I have been acting for past ten to eleven years, when I was just nineteen. Being a Bengali, I used to watch all the Ray’s films. Even though I had inclination towards acting, I never thought that I would ever become an actor. After schooling, I also tried getting admission into IIT for two years but couldn’t. Then by chance, I got involved with SPIC MACAY and did workshop with Mr. Habib Tanvir, and the journey began. I used to sit in the libraries reading Shakespeare, George Bernard Show etc. and then realized that I should have taken literature as my honors rather than mathematics. But my education in Mathematics actually took care of me because when I shifted to Mumbai, I worked in a small junior college to earn part-time income, which was about 800 bucks a month.
How would you describe your time in Mumbai?
I came to Mumbai in 2003. I worked as a production boy in various productions, doing job like escorting artists to stage and then back to the workshop, filling water bottles for the actors, which made me earn Rs 50 to Rs 100 a day. By then, I already was a trained actor, yet I had to do all that. I used to teach also. I lived the whole day on beaches and bus stops and then slept in a locked apartment for a month. Slowly as I began getting work, I got the recognition that I wanted. The best part about living your life as an artist is that you live fearlessly. I am fearless. I came from the dust, I can go back to the dust. I think, theatre took care of that. I don’t play safe. I stand for what I believe in.
How did you get your first break in the industry?
From Rang De Basanti I came into notice, hence one can say that it was my first break. But before RDB, I worked as an extra or junior artist in Main Madhuri Dixit Banna Chahti Hun and Raghu Romeo. My role in Kaminey was also a breakthrough for me. For both the films, I had to go through screen tests. The assistant director of Vishal Bhardwaj’s production Honey Trehan was on a lookout for a new actor for a supporting cast, which was an important character. Since I was already involved in theatre, he heard about me. Since I had done a few shows of Midsummer Night’s Dream in Mumbai and Delhi, people knew me and spoke about my work. In theatre communities everyone knows everybody and what they do. Initially I got an audition call from Honey Trehan, who was then a casting director for Delhi Belly. I also got selected but things never took off with that original casts, all because the director got changed and hence new casts were formed for the film. But Honey always had me in his mind. That’s how I got into Kaminey.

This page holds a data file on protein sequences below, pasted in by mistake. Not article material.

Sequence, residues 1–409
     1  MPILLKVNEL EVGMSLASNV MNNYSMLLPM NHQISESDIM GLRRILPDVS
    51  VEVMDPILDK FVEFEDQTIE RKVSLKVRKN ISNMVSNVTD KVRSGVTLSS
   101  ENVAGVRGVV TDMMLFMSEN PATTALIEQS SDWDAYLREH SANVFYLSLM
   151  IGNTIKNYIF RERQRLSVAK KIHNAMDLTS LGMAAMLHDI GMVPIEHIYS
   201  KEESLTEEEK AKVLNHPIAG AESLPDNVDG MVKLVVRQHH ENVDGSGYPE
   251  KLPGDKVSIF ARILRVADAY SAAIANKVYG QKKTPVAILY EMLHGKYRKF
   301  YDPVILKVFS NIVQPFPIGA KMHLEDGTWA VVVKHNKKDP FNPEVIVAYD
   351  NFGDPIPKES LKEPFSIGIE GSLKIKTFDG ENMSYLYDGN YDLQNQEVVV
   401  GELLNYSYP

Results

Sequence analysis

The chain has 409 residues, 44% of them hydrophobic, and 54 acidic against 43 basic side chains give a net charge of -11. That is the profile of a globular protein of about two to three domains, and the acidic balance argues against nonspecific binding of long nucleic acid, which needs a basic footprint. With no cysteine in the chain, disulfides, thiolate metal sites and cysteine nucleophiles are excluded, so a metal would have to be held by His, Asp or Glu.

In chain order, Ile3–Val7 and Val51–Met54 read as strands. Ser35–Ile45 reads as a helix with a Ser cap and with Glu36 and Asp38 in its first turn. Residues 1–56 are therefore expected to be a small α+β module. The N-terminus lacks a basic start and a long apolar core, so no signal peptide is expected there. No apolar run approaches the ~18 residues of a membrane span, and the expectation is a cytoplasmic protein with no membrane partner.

What is the difference between a minor and major role?
One of my gurus, Alyque Padamsee had told me that there are no small parts and no small actors. It works very well for me. In our film industry, people have prejudices and preconceived notions. Actors get type casted. For me, there are no small characters. I also did D Day, which is a movie with big star casts. I had a ten minute role in that film. I chose to do that because I loved the script and it was an interesting part. I think one can make a difference in a short time. But as an actor, we also get tired of doing small roles. Hence besides Prague and BMW (Bombay’s Most Wanted), I am doing Subhash Ghai’s film called Kaanchi in which I am playing the lead and then there is Abbas Tyrewaala’s film Mango.
What is your general approach towards acting?
I believe acting is a serious job. There is a method to it. People think that anyone can act but I believe like every other job, it takes years to establish oneself as a good actor. To get into the skin of the character, I try to find many coordinates of the character by doing a lot of research.
Who are your favorite actors?
I like Christian Bale, Philip Seymour Hoffman, Joseph Gordon Levitt and Kamal Hassan.
Where do you see yourself in the future as an actor?
I see myself working with Woody Allen, one day.
You have also worked in Bengali films. How was the experience? How different it is from the Hindi film industry?
Currently, Bengali cinema is a very small industry in India. While in Hindi films, there are more than 200 people in productions, Bengali films works with a very small unit of 30 people. The best part is that everybody knows everybody. They all have worked with each other at some point of time. Most of them come from a theatre background. One can see respect for each other and dignity of labour, which I found very interesting.
What’s your future plan?
I dream to introduce a Broadway kind of theatre in India, and for that I need a lot of money. I have come to realize that theatre is an expensive hobby. Every time I do a show, I end up shelling out money from my own pocket into my production.
Tell us more about your next film BMW.
It’s a film directed by Mr. Aditya Bhattacharya. His first film was Raakh in 1989, which starred Aamir Khan and he also directed Dubai Returns with Irrfan khan. To work with someone who has directed such big stars in their younger days is like a trophy to me since I am also new to the industry.
Bombay’s Most Wanted is about the underworld, uncovering underbelly of cinema. I play a corrupt police officer, who is also an underworld informer. Tanisha Chatterjee is casted opposite me and Javed Jaffrey is playing a role of a very interesting cop.